Source:Rediscovering the Book of Mormon:Ch:7:1:Stealing Lamanite daughters

Stealing the daughters of the Lamanites

Stealing the daughters of the Lamanites

A minor story in the Book of Mormon provides an example of how complex the task of reading the book can be. It also illustrates how much richer our understanding can be when we remember that the Book of Mormon is an ancient record with connections to other ancient records, particularly the Old Testament. In the book of Mosiah, a band of wicked priests hid in the wilderness and kidnapped some young women to be their wives (see 20:1-5). This story can be read as an adventure tale. If looked at carefully, however, it shows the kind of connections between the Book of Mormon and the Old Testament that demonstrate that the Book of Mormon is an ancient book.

The story of kidnapping by the wicked priests is a minor part of the record of the people of Zeniff. When King Noah, ruler over the Zeniffites, rejected the prophet Abinadi's message and had him killed, the priest Alma and his followers separated from the rest of the people. Soon thereafter, the Lamanites attacked the people of Zeniff. As they fled from the Lamanites, King Noah commanded them to abandon their families. Instead, they executed Noah and attempted to kill his priests (see Mosiah 17-19). These priests escaped into the wilderness, led by Amulon, one of their number, and later kidnapped some daughters of the Lamanites to be their wives. Angered by the kidnapping and assuming the Zeniffites were guilty, the Lamanites attacked them. Peace was restored when the Lamanites learned who the real kidnappers were (see Mosiah 20).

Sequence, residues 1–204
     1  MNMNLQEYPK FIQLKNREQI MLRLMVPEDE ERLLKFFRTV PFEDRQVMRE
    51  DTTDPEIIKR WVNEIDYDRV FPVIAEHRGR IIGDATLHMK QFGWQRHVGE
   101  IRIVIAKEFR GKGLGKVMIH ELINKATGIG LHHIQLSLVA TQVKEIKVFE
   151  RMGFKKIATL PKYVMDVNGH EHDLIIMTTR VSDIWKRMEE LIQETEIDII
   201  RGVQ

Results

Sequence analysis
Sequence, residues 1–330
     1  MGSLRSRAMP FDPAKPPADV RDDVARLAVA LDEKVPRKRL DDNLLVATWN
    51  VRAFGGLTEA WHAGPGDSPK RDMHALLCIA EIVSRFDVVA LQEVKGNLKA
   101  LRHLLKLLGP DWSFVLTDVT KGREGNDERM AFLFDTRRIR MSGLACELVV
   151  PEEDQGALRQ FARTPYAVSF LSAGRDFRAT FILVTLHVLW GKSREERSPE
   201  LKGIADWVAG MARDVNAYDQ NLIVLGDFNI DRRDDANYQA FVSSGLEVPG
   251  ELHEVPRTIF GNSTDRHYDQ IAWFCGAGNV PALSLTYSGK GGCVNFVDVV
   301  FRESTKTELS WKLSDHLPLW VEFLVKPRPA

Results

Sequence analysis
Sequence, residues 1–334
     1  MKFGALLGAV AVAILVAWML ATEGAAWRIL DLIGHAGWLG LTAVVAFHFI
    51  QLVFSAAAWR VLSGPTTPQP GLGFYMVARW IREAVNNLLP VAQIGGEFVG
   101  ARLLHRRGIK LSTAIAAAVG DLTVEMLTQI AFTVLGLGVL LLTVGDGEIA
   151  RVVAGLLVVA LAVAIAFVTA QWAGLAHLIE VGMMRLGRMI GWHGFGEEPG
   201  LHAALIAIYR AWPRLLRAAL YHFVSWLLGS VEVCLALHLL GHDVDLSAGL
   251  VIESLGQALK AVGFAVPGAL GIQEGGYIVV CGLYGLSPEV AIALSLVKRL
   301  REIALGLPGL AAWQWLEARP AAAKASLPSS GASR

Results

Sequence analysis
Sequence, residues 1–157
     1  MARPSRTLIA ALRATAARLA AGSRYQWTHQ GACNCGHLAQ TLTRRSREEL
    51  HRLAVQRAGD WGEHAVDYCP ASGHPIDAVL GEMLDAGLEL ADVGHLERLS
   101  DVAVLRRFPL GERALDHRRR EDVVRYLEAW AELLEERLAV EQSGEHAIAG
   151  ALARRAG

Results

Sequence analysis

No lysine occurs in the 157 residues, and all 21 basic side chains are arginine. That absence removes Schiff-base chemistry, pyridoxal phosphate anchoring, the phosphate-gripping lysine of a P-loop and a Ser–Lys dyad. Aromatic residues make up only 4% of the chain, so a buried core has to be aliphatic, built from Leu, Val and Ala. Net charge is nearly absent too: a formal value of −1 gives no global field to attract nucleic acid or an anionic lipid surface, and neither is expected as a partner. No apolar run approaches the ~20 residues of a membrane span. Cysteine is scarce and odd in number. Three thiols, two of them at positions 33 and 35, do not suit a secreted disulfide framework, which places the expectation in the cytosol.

A Biblical Parallel

This story of the abduction of young Lamanite women is similar to a story in the Bible in which men from the tribe of Benjamin kidnap daughters of Israel at Shiloh. The end of the book of Judges contains three stories about the tribe of Benjamin. In the first, Benjaminites abused and murdered a Levite concubine (see Judges 20). In the second, the other eleven tribes gathered to punish the offenders, and a civil war resulted (see Judges 19). The third story tells of the kidnapping (see Judges 21)....

The Book of Mormon story of the stealing of the Lamanite daughters cannot be accounted for by the simplistic claim that it was just copied from the Bible. The Book of Mormon makes sophisticated use of the story to make its own point. Critics of the Book of Mormon believe that the author of the text used the earlier story from Judges, and I agree. But unlike them, I believe that the parallel enhances the book and reveals it to be an ancient document rather than a modern imitation.—(Click here to continue)[1]

Notes

  1. ↑ Alan Goff, "The Stealing of the Daughters of the Lamanites," in Rediscovering the Book of Mormon, edited by John L. Sorenson and Melvin J. Thorne (Salt Lake City, Utah: Deseret Book Co.; Provo, Utah: Foundation for Ancient Research and Mormon Studies, 1991), Chapter 7.